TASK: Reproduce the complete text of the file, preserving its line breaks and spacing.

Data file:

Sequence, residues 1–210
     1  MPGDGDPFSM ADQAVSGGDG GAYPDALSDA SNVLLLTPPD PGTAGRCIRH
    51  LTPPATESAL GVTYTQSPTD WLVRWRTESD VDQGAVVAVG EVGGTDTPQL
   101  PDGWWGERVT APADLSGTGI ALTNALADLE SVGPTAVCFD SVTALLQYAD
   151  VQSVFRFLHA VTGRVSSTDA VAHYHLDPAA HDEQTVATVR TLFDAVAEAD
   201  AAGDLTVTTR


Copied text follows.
Sequence, residues 1–210
     1  MPGDGDPFSM ADQAVSGGDG GAYPDALSDA SNVLLLTPPD PGTAGRCIRH
    51  LTPPATESAL GVTYTQSPTD WLVRWRTESD VDQGAVVAVG EVGGTDTPQL
   101  PDGWWGERVT APADLSGTGI ALTNALADLE SVGPTAVCFD SVTALLQYAD
   151  VQSVFRFLHA VTGRVSSTDA VAHYHLDPAA HDEQTVATVR TLFDAVAEAD
   201  AAGDLTVTTR